International terrorism as a phenomenon and a variety of transnational crime manifested itself in the 1960s as a form of struggle for the most radical political groupings and extremist elements with the ruling regimes that are unsuitable for them, governments or representatives of other political and public views. Today, the modern system of collective security is aimed, among other things, at protecting international peace and security from terrorism, especially from its manifestations at the international level. Although terrorism has turned into the most acute problem of the present and the struggle against it has become the task of all mankind, one of the fundamental issues of this activity has not been solved to date – the definition of the universally recognized concept of international terrorism, as well as the criminalization of the latter, which creates serious problems in counteraction to it.
Due to the wide variety of approaches to uncovering the definitions of terrorism and international terrorism in the norms of domestic and international law, the need arose for the development of their universally recognized definitions, in connection with which two main points of view were formed. In accordance with the first point of view, the existence of strict definitions of terrorism and international terrorism is not mandatory for effective international struggle against them, since it is sovereign states that independently determine the criminality and punishability of such crimes on their territory. Supporters of another point of view believe that a legally rigorous definition of these concepts is indispensable as a fundamental condition for a successful fight against it.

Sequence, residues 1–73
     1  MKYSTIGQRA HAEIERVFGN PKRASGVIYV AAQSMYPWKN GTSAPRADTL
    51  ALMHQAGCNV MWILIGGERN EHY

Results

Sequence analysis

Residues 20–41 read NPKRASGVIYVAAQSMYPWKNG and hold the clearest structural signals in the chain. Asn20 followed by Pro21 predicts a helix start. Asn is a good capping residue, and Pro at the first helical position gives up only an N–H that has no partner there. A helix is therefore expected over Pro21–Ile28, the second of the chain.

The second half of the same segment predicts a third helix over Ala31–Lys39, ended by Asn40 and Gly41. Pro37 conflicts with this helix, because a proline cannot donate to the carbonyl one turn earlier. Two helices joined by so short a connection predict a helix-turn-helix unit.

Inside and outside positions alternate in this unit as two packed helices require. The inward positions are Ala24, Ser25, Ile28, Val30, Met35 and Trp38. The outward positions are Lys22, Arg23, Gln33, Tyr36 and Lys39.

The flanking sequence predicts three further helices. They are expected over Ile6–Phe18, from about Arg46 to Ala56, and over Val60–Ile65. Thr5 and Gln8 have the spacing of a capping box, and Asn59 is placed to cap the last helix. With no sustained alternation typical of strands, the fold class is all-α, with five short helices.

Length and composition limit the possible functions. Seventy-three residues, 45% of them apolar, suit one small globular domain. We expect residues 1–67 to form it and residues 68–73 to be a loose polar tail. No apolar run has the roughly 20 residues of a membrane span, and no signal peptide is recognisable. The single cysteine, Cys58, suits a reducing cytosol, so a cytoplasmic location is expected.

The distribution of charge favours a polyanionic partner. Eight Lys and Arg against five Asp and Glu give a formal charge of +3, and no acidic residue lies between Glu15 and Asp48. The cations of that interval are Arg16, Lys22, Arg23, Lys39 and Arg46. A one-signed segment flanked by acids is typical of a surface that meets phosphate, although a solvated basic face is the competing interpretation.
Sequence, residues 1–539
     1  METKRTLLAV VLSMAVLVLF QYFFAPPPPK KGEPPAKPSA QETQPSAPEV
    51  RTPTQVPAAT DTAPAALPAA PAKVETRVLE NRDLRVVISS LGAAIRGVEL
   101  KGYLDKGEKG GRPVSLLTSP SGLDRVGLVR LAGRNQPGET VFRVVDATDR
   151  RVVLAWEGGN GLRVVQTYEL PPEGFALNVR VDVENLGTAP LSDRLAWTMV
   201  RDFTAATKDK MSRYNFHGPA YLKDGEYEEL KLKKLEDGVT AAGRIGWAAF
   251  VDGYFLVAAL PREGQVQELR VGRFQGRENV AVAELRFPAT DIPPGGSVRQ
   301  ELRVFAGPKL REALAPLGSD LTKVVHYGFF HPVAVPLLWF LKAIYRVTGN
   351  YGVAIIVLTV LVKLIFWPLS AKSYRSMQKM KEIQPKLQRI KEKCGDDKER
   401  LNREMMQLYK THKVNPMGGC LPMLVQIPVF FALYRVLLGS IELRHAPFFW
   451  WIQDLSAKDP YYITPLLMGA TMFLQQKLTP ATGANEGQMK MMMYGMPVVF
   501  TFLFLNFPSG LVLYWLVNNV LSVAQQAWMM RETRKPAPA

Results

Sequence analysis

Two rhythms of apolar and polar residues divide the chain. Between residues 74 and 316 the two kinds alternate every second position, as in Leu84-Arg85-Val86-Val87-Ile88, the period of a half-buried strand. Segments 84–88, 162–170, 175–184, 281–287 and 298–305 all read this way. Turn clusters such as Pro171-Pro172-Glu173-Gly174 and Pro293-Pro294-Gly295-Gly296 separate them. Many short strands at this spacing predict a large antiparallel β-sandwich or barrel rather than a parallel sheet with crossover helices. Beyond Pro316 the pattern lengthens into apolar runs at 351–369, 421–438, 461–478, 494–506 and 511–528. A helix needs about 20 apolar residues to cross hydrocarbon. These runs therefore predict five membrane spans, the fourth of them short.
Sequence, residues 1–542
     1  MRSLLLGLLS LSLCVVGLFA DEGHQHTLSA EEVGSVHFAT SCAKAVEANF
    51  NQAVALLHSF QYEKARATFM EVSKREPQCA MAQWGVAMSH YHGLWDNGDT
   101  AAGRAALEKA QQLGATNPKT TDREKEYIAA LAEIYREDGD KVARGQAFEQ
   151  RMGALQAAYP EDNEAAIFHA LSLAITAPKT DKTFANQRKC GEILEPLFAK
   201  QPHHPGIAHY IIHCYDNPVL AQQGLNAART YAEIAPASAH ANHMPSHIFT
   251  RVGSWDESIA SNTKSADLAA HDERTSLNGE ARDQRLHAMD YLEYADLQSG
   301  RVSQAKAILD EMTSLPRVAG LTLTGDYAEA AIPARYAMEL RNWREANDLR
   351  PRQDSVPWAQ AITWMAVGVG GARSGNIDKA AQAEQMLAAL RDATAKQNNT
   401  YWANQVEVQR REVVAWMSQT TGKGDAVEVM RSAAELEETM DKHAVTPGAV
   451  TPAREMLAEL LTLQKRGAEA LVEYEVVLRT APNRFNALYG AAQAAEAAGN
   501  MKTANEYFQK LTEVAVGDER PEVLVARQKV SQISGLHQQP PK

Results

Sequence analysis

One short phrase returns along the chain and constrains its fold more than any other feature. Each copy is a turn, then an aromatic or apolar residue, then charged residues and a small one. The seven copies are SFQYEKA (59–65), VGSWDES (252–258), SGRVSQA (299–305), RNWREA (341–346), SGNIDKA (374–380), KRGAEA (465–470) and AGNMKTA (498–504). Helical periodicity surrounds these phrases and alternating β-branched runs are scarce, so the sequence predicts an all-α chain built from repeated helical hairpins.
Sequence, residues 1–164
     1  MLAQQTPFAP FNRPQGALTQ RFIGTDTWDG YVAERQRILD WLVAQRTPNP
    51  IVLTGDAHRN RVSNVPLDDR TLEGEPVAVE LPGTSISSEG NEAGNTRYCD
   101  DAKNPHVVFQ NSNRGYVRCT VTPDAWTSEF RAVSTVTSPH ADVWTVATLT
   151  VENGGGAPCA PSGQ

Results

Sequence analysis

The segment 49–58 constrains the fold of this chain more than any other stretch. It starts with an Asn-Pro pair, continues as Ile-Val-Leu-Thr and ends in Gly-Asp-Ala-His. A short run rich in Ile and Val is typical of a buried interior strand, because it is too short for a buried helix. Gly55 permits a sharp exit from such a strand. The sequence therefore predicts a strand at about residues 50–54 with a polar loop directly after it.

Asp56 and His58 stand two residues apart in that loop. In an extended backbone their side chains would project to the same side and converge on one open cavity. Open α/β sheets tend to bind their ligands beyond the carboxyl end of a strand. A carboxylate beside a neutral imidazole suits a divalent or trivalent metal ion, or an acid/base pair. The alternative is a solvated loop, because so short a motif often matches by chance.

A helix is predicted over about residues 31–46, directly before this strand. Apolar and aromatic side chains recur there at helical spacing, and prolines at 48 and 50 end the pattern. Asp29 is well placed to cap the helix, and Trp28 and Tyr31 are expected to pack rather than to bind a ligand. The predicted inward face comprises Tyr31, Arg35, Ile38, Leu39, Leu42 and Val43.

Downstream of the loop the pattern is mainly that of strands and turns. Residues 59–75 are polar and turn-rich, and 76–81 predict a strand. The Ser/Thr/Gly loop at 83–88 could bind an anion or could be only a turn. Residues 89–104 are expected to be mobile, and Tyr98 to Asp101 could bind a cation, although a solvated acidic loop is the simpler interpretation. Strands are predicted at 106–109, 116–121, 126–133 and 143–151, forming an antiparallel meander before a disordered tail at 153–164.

Most of the international legal disputes over terrorism are focused on ideological controversies or technical mechanisms for determining, and then on the main question, why terrorism should be internationally criminalized.
In the practice of states, viewed through the prism of United Nations bodies and regional organizations, the grounds for criminalization are that terrorism seriously undermines: basic human rights, state and political processes, and international peace and security. The definition will also help distinguish political violence from private violence, eliminate overvoltage arising from the multitude of sectoral antiterrorist treaties and ensure the calibration of an international response to various types of violence.
International terrorism as a phenomenon and a variety of transnational crime manifested itself in the 1960s as a form of struggle for the most radical political groupings and extremist elements with the ruling regimes that are unsuitable for them, governments or representatives of other political and public views.